Experience porting Servo to the Magic Leap One
2018-12-04 We now have nightly releases of Servo for Magic Leap, this post describes the process of making them
We now have nightly releases of Servo for the Magic Leap One augmented reality headset. You can head over to https://download.servo.org/, install the application, and browse the web in a virtual browser.
This is a developer preview release, designed for as a testbed for future products, and as a venue for experimenting with UI design. What should the web look like in augmented reality? We hope to use Servo to find out!
We are providing these nightly snapshots to encourage other developers to experiment with AR web experiences. There are still many missing features, such as immersive or 3D content, many types of user input, media, or a stable embedding API. We hope you forgive the rough edges.
This blog post will describe the experience of porting Servo to a new architecture, and is intended for system developers.
The Magic Leap software development kit (SDK) is based on commonly-used open-source
technologies. In particular, it uses the clang compiler and the gcc toolchain
for support tools such as
ranlib and friends.
The architecture is 64-bit ARM, using the same application binary interface as Android.
Together these give the target as being
aarch64-linux-android, the same as for many
64-bit Android devices. Unlike Android, Magic Leap applications are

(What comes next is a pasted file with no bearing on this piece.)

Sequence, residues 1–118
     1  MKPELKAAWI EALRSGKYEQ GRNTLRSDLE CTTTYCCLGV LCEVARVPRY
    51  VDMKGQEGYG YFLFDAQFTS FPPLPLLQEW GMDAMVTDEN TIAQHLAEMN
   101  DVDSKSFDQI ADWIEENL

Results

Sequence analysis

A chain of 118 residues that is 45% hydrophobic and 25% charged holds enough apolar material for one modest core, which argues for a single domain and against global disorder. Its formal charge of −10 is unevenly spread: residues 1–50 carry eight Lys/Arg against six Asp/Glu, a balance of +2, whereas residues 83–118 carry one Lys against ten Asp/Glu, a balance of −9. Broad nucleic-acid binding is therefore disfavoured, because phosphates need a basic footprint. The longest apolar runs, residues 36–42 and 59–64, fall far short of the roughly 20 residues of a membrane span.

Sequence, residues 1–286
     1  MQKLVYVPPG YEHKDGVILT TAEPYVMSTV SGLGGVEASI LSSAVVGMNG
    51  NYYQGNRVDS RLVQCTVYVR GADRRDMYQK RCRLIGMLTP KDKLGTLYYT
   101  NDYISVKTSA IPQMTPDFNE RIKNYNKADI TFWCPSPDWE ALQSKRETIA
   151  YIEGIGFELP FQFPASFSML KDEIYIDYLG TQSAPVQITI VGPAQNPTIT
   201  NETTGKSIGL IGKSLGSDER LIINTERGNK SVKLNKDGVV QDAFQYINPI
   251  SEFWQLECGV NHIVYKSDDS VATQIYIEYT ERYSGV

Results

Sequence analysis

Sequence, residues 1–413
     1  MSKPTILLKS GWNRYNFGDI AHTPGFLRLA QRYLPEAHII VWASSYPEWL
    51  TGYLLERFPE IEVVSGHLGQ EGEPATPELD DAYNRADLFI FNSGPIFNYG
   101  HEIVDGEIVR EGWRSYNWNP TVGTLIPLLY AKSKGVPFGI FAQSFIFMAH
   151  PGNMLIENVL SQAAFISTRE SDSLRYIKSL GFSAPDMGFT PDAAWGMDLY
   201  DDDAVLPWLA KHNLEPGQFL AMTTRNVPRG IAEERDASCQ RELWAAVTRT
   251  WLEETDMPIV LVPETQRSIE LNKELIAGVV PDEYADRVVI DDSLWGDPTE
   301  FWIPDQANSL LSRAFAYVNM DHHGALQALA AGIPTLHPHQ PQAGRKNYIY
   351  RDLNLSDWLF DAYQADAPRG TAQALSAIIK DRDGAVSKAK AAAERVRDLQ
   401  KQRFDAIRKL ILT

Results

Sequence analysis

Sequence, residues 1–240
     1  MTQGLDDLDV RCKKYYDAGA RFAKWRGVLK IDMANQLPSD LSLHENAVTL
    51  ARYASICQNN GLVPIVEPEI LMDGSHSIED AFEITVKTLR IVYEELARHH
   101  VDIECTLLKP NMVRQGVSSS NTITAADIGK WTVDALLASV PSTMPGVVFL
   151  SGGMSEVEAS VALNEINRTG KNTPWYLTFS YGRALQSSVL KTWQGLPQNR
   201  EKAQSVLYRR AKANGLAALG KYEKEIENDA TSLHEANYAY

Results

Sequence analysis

native programs, and do not require a Java Native Interface (JNI) to the OS.
Magic Leap provides a lot of support for developing AR applications, in the form of the Lumin Runtime APIs, which include 3D scene descriptions, UI elements, input events including device placement and orientation in 3D space, and rendering to displays which provide users with 3D virtual visual and audio environments that interact with the world around them.
The Magic Leap and Lumin Runtime SDKs are available from https://creator.magicleap.com/ for Mac and Windows platforms.
The Magic Leap library is built using
./mach build --magicleap,
which under the hood calls
cargo build --target=aarch64-linux-android. For most of the Servo library and its
dependencies, this just works, but there are a couple of corner cases:
C/C++ libraries and crates with special treatment for Android.
Some of Servo’s dependencies are crates which link against C/C++
mozjs-sys. Each of these
libraries uses slightly different build environments (such as Make,
CMake or Autoconf, often with custom build scripts). The challenge for
software like Servo that uses many such libraries is to find a
configuration which will work for all the dependencies. This comes
down to finding the right settings for environment variables such as
$CFLAGS, and is complicated by cross-compiling the libraries which
often means ensuring that the Magic Leap libraries are included, not
the host libraries.
The other main source of issues with the build is that since Magic
Leap uses the same ABI as Android, its target is
aarch64-linux-android, which is the same as for 64-bit ARM Android
devices. As a result, many crates which need special treatment for
Android (for example for JNI or to use
libandroid) will treat the
Magic Leap build as an Android build rather than a Linux build. Some